Bridge Over Troubled Water
by Nina Bennett

I was just seventeen, 1970, an unsettled year.
While I pose for a yearbook head shot, reports
of My Lai explode, five of the Chicago Seven
are convicted. Paul McCartney reveals the breakup
of the Beatles, Nixon announces invasion of Cambodia.
Kent State massacre leaves four dead the day we
rehearse for commencement. In between antiwar protests
and battles of the bands at the fire hall, I manage
to graduate from high school. Jimi Hendrix hurls
guitar riffs across the Isle of Wight in August, dies
in September as I watch Five Easy Pieces for the third time.
Two weeks later Janis overdoses. By December,
when the first tenants move into the World Trade Center’s
North Tower, I have turned eighteen.

AUTHOR’S PHOTO CAPTION: Me, high school graduation, 1970, prior to donning cap and gown

NOTE FROM THE AUTHOR: The events of 1970, my 17th year, shaped me in ways still relevant today. It was interesting to explore the critical juxtaposition of life-changing events and ordinary ones, endings and beginnings. “Bridge Over Troubled Water,” released in 1970, was Simon & Garfunkel’s final studio album. The title track won five Grammy Awards, while the complete record won Album of the Year.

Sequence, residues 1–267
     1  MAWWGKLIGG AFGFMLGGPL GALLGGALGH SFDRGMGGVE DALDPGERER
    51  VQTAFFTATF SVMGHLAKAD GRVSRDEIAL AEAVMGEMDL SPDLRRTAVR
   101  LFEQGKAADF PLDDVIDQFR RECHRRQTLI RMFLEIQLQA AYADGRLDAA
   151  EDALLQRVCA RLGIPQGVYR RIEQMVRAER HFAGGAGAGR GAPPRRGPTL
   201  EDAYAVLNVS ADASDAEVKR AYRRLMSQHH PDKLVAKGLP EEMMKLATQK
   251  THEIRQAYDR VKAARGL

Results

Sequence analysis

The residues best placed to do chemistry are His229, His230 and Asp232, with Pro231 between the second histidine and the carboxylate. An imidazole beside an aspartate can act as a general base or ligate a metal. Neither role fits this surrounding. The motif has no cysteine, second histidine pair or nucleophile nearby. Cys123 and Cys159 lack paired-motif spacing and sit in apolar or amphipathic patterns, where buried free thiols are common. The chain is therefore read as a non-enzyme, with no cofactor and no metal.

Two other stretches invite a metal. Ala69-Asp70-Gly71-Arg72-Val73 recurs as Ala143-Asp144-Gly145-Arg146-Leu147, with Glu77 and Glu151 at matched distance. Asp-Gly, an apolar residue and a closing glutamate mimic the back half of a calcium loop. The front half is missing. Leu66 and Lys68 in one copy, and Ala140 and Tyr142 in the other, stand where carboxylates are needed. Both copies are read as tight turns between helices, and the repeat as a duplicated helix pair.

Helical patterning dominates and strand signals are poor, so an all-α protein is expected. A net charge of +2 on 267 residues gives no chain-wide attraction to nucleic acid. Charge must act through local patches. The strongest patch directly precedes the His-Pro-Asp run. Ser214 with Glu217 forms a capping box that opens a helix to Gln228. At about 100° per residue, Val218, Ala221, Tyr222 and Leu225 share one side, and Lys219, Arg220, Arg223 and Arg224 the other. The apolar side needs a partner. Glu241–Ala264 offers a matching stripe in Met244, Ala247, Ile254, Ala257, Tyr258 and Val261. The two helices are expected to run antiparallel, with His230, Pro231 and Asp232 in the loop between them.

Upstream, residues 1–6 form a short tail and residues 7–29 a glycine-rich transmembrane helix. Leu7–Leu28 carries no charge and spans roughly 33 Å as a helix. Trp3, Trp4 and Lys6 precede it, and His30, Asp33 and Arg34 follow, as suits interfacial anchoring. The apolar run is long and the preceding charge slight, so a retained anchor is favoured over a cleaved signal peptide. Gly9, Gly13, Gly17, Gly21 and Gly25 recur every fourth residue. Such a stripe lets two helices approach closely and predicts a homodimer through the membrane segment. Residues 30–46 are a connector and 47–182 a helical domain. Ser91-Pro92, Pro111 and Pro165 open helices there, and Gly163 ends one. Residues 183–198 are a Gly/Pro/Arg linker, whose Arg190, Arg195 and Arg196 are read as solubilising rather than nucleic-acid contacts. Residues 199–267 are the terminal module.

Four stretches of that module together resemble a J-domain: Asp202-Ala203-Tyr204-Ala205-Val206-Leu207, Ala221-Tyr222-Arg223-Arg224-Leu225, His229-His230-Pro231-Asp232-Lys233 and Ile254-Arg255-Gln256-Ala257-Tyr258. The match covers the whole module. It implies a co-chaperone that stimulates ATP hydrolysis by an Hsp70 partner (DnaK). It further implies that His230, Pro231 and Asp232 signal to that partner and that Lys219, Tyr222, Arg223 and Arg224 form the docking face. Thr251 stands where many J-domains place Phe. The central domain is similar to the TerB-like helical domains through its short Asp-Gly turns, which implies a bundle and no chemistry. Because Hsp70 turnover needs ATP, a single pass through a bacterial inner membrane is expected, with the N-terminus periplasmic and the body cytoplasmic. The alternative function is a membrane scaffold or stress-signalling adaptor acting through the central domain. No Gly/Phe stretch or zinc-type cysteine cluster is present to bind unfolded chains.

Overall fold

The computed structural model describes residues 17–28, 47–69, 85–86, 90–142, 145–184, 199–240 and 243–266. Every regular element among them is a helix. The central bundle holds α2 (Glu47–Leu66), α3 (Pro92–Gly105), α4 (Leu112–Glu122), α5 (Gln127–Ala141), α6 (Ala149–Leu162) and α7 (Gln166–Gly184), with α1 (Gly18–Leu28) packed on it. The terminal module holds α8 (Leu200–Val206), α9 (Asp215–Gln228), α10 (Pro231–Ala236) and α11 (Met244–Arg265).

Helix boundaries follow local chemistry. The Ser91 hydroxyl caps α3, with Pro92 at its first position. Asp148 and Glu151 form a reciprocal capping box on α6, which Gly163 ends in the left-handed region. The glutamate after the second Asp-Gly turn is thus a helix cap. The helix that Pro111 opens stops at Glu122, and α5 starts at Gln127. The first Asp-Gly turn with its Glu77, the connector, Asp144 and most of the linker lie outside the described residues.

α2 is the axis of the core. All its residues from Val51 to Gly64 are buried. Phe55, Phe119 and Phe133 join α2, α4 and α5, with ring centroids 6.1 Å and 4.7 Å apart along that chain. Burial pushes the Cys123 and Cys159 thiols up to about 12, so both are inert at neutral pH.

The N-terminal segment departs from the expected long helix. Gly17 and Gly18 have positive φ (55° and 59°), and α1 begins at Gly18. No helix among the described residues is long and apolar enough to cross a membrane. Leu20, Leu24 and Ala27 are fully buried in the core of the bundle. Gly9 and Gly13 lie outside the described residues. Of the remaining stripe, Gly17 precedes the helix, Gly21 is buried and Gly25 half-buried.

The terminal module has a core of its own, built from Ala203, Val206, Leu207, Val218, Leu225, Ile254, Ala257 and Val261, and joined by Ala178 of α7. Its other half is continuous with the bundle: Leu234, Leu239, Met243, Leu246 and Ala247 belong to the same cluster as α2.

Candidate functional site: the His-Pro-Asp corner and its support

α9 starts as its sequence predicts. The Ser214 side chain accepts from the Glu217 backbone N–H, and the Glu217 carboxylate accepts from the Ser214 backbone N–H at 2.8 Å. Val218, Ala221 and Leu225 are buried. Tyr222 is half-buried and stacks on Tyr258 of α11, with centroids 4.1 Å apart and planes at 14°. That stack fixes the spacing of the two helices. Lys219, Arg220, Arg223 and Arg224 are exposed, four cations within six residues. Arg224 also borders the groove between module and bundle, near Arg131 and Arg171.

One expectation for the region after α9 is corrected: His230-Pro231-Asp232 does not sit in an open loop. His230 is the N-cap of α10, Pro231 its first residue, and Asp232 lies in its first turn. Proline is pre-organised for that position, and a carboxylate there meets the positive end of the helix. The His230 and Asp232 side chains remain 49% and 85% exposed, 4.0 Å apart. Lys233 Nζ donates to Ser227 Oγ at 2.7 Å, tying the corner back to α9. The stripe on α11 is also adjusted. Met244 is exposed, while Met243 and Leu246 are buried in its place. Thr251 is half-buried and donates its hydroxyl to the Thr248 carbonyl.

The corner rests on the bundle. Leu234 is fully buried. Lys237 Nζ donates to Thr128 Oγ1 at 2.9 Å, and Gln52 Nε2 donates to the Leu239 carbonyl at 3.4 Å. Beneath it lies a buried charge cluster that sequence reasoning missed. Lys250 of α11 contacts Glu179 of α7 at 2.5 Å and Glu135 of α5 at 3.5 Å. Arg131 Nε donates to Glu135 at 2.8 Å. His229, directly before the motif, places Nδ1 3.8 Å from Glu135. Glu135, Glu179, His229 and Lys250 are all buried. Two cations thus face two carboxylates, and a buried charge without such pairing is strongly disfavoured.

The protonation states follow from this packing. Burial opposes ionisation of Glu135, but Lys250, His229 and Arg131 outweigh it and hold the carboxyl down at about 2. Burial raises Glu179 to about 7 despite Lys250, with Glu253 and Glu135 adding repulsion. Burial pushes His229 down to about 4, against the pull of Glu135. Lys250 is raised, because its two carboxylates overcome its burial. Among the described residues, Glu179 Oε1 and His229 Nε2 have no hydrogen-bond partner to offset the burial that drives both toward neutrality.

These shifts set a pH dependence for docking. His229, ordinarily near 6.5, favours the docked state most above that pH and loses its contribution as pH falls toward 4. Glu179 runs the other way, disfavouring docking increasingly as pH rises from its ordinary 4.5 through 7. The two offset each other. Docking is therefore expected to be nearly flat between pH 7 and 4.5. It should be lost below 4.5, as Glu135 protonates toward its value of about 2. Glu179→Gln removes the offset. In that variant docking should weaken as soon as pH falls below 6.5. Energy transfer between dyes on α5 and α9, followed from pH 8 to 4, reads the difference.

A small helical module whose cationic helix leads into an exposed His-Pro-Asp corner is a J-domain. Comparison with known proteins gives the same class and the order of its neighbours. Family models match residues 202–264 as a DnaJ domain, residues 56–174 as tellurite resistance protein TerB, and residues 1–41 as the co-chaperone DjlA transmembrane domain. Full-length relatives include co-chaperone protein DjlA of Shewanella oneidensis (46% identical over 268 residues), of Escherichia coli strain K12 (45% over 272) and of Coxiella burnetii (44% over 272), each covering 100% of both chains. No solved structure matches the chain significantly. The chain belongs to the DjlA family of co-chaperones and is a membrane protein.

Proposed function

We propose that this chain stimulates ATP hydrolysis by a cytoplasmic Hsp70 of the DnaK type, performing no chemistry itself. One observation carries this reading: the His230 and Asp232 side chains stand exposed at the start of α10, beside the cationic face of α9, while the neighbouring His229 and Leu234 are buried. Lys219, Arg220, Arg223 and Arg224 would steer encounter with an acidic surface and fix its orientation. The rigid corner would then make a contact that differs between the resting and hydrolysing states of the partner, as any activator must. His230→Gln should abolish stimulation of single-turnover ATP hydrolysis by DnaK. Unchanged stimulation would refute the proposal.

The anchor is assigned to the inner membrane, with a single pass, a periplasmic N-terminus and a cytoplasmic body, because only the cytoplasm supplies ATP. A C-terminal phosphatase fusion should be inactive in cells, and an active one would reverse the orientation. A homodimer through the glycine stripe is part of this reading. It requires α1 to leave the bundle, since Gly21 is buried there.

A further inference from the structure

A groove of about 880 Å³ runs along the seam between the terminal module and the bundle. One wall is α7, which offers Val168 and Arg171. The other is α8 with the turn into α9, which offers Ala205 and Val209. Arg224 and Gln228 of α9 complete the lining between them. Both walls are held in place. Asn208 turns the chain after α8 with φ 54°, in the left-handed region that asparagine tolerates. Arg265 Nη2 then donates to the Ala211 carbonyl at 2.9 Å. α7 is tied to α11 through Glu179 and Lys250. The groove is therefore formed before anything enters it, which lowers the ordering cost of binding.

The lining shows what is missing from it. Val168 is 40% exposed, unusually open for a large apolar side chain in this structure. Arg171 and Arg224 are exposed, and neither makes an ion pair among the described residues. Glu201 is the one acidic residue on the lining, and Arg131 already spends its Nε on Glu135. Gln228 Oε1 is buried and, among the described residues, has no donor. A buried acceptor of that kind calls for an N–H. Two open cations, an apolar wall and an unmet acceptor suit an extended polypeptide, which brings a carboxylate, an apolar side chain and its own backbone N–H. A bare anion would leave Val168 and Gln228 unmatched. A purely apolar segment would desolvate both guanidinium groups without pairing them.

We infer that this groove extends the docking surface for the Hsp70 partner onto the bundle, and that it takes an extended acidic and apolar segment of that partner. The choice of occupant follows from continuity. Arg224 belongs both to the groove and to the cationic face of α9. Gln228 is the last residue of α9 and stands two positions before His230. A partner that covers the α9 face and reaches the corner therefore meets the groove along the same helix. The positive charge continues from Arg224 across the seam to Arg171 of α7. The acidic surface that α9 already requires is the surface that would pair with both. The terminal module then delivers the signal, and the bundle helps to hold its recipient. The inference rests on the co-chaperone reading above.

Delaware native Nina Bennett is the author of Sound Effects (2013, Broadkill Press Key Poetry Series). Her poetry has been nominated for the Best of the Net, and has appeared or is forthcoming in publications that include Gargoyle, I-70 Review, Reunion: The Dallas Review, Bryant Literary Review, Yale Journal for Humanities in Medicine, Philadelphia Stories, and The Broadkill Review. Awards include 2014 Northern Liberties Review Poetry Prize, and second-place in poetry book category from the Delaware Press Association (2014). Nina is a founding member of the TransCanal Writers (Five Bridges, A Literary Anthology).